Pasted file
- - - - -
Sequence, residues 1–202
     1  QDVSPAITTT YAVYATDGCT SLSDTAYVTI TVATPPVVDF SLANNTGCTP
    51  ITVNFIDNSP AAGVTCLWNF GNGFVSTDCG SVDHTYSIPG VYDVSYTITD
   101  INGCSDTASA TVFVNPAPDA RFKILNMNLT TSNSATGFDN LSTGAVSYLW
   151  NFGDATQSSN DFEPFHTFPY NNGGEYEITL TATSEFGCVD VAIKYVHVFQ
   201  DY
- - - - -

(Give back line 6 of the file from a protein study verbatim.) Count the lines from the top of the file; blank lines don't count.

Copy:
   201  DY